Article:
After providing all the funding for The Brain from Top to Bottom for over 10 years, the CIHR Institute of Neurosciences, Mental Health and Addiction informed us that because of budget cuts, they were going to be forced to stop sponsoring us as of March 31st, 2013.

We have approached a number of organizations, all of which have recognized the value of our work. But we have not managed to find the funding we need. We must therefore ask our readers for donations so that we can continue updating and adding new content to The Brain from Top to Bottom web site and blog.

Please, rest assured that we are doing our utmost to continue our mission of providing the general public with the best possible information about the brain and neuroscience in the original spirit of the Internet: the desire to share information free of charge and with no adverstising.

Whether your support is moral, financial, or both, thank you from the bottom of our hearts!

Bruno Dubuc, Patrick Robert, Denis Paquet, and Al Daigen




Tuesday, 18 June 2013
Proteins That Guide the Wiring of the Brain

The human brain has millions of times more connections between its neurons than the number of genes (roughly 20 000 to 25 000) in the DNA of these cells. And yet, when the brain is developing, the tips of the axons of its growing neurons act like veritable homing devices, successfully seeking out their specific targets in the complex molecular soup that constitutes the extracellular environment.

Scientists have long known that these targets produce molecules that are detected by receptors on the axons’ growth cones and guide them to their targets. But only recently did a team at the Salk Institute in California discover how just a handful of genes enable the guidance processes by which the brain’s complex wiring is established. (more…)

How the Mind Develops | No comments


Tuesday, 11 June 2013
Shedding Some Light on the First Cell Membranes

Every living cell, including every neuron, has a cell membrane that separates the outside environment from the myriad biochemical reactions that take place inside the cell. Some of these enzymatic reactions are even involved in forming this membrane. It is this characteristic of living things—their ability to produce themselves—that Maturana and Varela have called autopoiesis.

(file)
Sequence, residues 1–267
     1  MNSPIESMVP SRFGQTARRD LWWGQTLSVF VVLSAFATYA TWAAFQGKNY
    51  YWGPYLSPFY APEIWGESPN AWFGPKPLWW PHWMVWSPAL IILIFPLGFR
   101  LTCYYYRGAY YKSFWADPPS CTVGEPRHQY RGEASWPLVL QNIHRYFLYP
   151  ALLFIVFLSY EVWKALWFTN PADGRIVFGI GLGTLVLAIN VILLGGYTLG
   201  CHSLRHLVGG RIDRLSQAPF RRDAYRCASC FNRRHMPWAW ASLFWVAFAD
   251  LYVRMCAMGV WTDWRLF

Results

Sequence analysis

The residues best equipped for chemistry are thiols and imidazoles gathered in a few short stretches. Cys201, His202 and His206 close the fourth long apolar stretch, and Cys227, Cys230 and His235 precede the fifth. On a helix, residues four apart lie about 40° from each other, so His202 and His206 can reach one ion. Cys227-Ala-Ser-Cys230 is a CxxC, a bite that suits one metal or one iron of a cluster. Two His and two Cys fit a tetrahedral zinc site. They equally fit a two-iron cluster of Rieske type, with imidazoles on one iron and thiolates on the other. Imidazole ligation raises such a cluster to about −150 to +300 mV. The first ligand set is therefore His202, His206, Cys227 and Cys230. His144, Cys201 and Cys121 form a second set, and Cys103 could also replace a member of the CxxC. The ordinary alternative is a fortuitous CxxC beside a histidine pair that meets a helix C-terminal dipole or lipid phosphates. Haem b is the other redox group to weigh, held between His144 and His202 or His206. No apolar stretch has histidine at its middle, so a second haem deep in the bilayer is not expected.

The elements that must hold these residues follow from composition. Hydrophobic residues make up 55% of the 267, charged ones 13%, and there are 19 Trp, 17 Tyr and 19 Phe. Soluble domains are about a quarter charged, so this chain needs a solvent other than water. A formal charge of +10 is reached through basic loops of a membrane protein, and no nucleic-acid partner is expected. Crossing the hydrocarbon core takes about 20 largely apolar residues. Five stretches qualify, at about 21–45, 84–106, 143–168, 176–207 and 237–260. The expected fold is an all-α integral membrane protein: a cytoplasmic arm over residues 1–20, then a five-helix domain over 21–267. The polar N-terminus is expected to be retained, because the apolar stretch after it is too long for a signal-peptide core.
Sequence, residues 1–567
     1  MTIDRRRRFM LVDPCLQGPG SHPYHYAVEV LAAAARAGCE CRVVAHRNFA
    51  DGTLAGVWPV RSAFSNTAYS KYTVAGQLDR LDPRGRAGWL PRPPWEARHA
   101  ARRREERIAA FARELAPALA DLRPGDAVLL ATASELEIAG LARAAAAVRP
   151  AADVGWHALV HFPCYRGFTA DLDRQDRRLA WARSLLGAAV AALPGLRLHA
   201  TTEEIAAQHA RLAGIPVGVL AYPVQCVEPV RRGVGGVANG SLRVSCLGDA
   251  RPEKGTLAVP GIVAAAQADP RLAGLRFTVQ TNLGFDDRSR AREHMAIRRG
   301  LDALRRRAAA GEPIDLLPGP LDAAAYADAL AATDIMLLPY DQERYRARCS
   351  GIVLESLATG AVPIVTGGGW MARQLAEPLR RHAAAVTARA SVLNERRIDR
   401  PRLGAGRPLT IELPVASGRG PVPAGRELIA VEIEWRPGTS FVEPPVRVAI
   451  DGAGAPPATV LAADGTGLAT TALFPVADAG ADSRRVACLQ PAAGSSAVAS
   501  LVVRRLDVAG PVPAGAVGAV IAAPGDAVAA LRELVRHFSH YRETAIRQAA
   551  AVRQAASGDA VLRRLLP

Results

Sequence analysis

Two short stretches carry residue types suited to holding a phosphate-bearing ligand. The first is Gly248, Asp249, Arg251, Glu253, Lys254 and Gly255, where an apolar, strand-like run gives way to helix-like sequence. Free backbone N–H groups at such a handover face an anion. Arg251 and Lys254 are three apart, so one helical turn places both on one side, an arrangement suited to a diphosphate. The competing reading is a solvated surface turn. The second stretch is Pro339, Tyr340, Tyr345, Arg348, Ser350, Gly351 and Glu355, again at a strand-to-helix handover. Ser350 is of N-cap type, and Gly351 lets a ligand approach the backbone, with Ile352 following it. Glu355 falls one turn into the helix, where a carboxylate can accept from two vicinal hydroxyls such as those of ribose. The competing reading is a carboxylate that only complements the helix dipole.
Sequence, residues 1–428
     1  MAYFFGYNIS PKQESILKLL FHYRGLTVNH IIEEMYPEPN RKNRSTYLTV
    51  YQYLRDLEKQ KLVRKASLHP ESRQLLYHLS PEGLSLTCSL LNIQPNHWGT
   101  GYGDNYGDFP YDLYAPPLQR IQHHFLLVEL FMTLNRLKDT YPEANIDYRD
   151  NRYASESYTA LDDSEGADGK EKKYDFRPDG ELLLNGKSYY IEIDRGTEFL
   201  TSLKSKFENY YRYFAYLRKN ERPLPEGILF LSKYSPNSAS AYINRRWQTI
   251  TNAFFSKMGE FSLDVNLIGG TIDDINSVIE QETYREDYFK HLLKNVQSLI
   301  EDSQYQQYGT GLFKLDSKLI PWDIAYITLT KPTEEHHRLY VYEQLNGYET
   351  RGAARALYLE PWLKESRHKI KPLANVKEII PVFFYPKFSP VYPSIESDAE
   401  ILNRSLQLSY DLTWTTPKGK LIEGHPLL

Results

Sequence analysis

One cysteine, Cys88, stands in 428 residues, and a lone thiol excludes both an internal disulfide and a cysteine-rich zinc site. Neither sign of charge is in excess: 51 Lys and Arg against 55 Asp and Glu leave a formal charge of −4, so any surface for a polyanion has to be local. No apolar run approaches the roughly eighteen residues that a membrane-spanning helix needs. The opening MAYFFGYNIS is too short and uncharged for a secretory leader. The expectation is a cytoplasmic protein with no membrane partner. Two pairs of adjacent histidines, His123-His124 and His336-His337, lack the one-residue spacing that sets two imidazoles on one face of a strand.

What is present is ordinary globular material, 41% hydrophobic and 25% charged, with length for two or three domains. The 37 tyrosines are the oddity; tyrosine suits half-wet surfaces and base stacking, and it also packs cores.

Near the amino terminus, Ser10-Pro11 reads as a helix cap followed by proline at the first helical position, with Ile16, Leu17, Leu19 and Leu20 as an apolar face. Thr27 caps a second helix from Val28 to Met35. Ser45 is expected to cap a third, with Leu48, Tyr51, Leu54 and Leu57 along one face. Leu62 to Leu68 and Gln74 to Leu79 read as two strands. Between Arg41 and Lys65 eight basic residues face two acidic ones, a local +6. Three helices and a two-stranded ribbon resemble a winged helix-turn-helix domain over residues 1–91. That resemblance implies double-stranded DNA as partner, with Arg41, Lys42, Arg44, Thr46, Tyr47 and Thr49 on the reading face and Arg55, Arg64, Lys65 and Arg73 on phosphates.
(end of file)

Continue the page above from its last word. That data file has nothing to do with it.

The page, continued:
But if it takes a membrane for there to be a living cell, and if it is the living cell that produces the membrane, then how do we solve this dilemma, which is similar in every way to the classic question, “Which came first, the chicken or the egg?” The only logical assumption is that at some moment at the start of evolution, a biochemical reaction capable of creating membranes was catalyzed by a non-organic molecule (a molecule that did not result from the metabolism of a living cell).

That is exactly the kind of reaction that chemists Neal Devaraj and Itay Budin have just managed to achieve. (more…)

From the Simple to the Complex | No comments


Monday, 3 June 2013
Seeing What’s in Your Eye

The structure of your eye is a lot like that of a traditional film camera. The lens of your eye is like the camera’s lens. Your iris is like the diaphragm, and your retina, at the very back of the eye, acts like the light-sensitive film.

However, there is a hole in your retina that lets the axons of its ganglion cells (a kind of neuron) exit the eye while letting blood vessels enter to irrigate all of the retina’s neurons. This hole creates a true “blind spot” in your field of vision. You don’t notice this blind spot in your daily life. (more…)

The Senses | No comments


Wednesday, 22 May 2013
Links on Pleasure and Drugs

This week, as I have before in this blog, I am posting a set of new links to other web sites that discuss a subject covered in The Brain from Top to Bottom. For each link, I also provide a brief description of the relevant article or other content on the site in question.

The subject this week is the sub-topic “Pleasure and Drugs” under the topic “Pleasure and Pain”, and the sites in question all provide insights into the way that various drugs affect our brains. As you see, the first two sites deal with alcohol. It is worth remembering that however legal alcohol may be, it too is a psychoactive substance—in other words, a drug. (more…)

Pleasure and Pain | No comments


Tuesday, 14 May 2013
Humans Have No Monopoly on Empathy

One rat springs another rat from prison, then shares some chocolate with him. Sounds like a Saturday-morning cartoon, but that’s what actually happened in a laboratory experiment showing that real live rats can display empathetic behaviour.

These findings, published in the December 7, 2011 issue of the journal Science by Peggy Mason and her colleagues, got a huge amount of media play, because this was the first time that scientists had shown that an animal other than a primate can take action to relieve the distress of a member of its own species. And this suggested the possibility that empathy, previously regarded as unique to human beings and some of the great apes, might instead have far older origins in the animal kingdom. (more…)

Emotions and the Brain | No comments